Alexander 1

(Alexander Museum is located in Alexander’s unique town hall.)

Alexander 2

(Alexander Museum is open by appointment only.)

Alexander 4

(Remembering those who served from Alexander.)

Bergen Museum,  7547 S. Lake Road, Bergen, NY (585) 494-0080

The Bergen Museum is a truly unique place. The museum resides in the former 1880 Hartford Hotels Livery Stables in downtown Bergen. It has been converted into a cozy, and well-done museum. Inside the old barn, there are a handful of interesting, life-size tableaus depicting, a blacksmith shop, a general store, school classroom and more. The goal of the exhibits are to have the artifacts tell the story. You really get an excellent sense of what it was like to shop at a store, studying in school or visit the local pharmacy. A local military exhibit includes war time posters, which capture people’s imaginations. The nicely crafted tableaux were created by museum’s volunteers.  Open every Sunday 1 to 4 p.m.

Bergen Museum 13

(The Bergen Museum is inside a converted horse stable.)

Bergen Museum 9

(Display of a blacksmith shop at Bergen Museum.)

Bergen Museum 8

(See what a General Store looked like at Bergen Museum.)

Byron Museum, 6407 Townline Road, Byron, NY  Phone: (585) 548-9008

A cool surprise is that this museum is located in an old church that is right next to an old cemetery. The sanctuary of the former German Lutheran church is packed with countless items, including a lot of clothing and textiles. People who love fashion or clothes will enjoy looking at what people were wearing a hundred years ago. South Byron High School is well-represented with photographs and yearbooks. Behind the church, there is a large annex dedicated to items typical of a farming community. There are even a few local business and community signs spread throughout. The collection is pretty deep. Open Sundays 2 to 4 p.m. Memorial Day through Labor Day. Other hours are gladly accepted with appointment.

Byron Museum 15

(Byron Museum is located inside a former church.)

Byron Museum 2

(The sanctuary of the church is filled with historical items.)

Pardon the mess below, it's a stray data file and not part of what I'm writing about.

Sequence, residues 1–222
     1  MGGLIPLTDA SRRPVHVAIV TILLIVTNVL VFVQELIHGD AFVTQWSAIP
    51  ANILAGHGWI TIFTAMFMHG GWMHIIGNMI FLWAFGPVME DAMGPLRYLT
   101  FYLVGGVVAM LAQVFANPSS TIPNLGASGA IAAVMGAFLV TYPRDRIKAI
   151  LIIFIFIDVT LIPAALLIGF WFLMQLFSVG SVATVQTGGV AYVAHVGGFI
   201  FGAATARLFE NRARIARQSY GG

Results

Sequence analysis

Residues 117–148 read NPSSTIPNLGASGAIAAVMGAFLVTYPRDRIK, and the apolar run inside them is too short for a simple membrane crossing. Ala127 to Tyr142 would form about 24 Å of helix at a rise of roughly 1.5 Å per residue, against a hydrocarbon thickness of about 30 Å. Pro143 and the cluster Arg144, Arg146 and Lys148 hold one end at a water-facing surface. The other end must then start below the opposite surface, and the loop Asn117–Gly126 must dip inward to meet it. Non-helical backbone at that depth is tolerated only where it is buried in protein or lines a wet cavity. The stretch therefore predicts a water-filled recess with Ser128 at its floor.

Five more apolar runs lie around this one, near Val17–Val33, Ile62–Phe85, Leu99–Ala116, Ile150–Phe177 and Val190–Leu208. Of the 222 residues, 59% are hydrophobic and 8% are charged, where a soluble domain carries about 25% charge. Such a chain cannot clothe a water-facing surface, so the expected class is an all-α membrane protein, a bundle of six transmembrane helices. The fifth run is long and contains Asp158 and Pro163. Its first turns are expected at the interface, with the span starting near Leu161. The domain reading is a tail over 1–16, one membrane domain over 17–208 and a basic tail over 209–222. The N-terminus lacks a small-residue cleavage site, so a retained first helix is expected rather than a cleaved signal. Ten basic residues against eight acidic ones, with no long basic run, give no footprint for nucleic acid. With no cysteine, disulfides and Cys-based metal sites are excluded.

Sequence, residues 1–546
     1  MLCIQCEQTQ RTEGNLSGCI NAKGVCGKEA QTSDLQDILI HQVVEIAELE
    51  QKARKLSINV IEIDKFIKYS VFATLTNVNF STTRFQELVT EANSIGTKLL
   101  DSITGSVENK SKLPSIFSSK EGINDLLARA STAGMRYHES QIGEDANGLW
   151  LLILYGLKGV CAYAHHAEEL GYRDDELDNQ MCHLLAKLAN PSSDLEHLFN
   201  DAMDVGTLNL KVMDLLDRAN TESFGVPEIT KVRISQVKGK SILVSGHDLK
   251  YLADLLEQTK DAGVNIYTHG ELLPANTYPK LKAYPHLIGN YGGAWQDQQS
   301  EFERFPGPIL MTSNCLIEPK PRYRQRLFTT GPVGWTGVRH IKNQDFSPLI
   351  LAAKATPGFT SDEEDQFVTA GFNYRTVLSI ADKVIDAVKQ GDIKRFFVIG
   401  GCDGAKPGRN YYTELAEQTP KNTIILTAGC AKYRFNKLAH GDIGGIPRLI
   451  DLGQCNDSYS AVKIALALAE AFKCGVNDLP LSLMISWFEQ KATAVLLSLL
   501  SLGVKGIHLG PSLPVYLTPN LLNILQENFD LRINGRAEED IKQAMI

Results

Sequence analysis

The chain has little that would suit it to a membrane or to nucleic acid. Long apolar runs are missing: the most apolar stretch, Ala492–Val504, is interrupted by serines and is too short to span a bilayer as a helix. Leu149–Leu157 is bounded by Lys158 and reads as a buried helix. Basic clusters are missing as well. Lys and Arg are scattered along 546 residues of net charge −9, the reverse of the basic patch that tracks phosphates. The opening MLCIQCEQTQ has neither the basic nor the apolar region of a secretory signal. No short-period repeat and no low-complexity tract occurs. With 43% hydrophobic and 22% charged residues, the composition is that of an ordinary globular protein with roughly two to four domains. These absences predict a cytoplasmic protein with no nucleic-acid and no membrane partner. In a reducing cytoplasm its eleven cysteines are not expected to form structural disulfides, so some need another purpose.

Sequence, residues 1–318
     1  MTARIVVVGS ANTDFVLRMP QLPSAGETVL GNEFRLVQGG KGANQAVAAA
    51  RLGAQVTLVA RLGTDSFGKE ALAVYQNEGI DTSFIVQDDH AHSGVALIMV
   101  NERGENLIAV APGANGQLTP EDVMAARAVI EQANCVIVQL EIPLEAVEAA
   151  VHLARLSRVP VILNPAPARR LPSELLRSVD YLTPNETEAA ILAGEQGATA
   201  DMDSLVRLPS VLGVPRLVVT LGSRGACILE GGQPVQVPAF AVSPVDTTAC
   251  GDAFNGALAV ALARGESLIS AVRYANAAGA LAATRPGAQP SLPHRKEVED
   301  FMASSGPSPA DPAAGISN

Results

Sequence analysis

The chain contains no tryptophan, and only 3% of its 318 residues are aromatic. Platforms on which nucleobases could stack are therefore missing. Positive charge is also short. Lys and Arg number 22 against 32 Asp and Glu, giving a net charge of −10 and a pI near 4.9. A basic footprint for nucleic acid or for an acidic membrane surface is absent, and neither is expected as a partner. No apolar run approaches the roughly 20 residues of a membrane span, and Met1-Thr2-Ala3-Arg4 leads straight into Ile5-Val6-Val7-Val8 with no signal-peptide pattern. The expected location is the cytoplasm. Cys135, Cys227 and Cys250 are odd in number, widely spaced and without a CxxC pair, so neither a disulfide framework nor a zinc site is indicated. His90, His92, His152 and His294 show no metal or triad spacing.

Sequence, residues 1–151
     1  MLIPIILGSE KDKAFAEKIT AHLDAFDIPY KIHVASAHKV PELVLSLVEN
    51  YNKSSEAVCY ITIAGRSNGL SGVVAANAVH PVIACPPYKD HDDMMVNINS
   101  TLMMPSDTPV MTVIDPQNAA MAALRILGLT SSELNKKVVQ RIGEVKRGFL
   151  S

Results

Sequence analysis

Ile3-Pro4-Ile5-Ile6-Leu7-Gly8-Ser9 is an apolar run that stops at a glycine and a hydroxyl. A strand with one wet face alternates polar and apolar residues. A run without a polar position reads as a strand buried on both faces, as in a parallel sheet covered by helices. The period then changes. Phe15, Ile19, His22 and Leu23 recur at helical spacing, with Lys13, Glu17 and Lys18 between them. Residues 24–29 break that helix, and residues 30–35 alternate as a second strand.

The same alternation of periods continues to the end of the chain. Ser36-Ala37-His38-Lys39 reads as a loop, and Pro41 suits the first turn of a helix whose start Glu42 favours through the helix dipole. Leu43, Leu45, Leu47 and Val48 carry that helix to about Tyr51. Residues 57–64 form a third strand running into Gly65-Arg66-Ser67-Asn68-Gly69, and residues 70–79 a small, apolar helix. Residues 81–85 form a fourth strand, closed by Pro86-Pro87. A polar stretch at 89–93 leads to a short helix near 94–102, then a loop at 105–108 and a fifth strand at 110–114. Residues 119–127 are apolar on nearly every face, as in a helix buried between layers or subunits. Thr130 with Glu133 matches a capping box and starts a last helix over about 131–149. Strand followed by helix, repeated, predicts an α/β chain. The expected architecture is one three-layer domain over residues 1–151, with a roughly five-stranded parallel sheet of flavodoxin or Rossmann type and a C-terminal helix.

Byron Museum 9

(At the Byron Museum, there is a large area dedicated to antique tools and equipment.)

(More after the jump. Click on Read More below.)

July 26, 2016 - 3:27pm
posted by Billie Owens in health, genesee county, UMMC, news.

Press release:

Employees of community service agencies and professionals are wanted to provide their expertise to help our communities become healthier. 

The Genesee, Orleans and Wyoming County health departments, along with United Memorial Medical Center and Orleans Community Health are updating the Community Health Improvement Plan and Community Services Plans.

They invite you to participate in a conversation to help shape future efforts to imporve current health concerns. Bring your suggestions for how challenges can be met!

There will be a forum to discuss challenges and options from 9 a.m. to noon on Tuesday, Aug. 9, at the Genesee County Building #2 -- Foyer Conference Room, on West Main Street Road in the Town of Batavia.

Light refreshments will be provided.

To attend, please RSVP by Aug. 2 to:

[email protected]

June 28, 2016 - 2:17pm
posted by Billie Owens in crime, genesee county, STOP-DWI.

Press release:

Genesee County STOP-DWI Coordinator Matt Landers announced that the Genesee County Sheriff’s Office, City of Batavia Police Department and the Village of Le Roy Police Department will participate in a special enforcement effort to crackdown on impaired driving.

The statewide STOP-DWI Crackdown efforts start on July 1st and will end on July 5th. The Fourth of July extended weekend is historically a deadly period for impaired driving. This year the 4th of July falls on a Monday, so we expect heavy traveling to begin on Thursday, June 30th and festivities to begin on Friday, July 1st and run through Tuesday, July 5th.

Americans love to celebrate the Fourth of July with family, friends, food and fireworks, but all too often the festivities turn tragic on the nation's roads. The fact is, this iconic American holiday is also one of the deadliest holidays of the year due to drunk-driving crashes. According to data from NHTSA, during July 4th holiday period over the five years (from 2010 to 2014), 752 people lost their lives in crashes involving drivers with a BAC of .08 or more.

These fatalities account for 42 percent of all motor vehicle traffic fatalities over this same five-year period. The New York State Police, County Sheriff and municipal law enforcement agencies will collaborate across the state and will be out in force in this coordinated effort to aggressively target those who put lives in danger.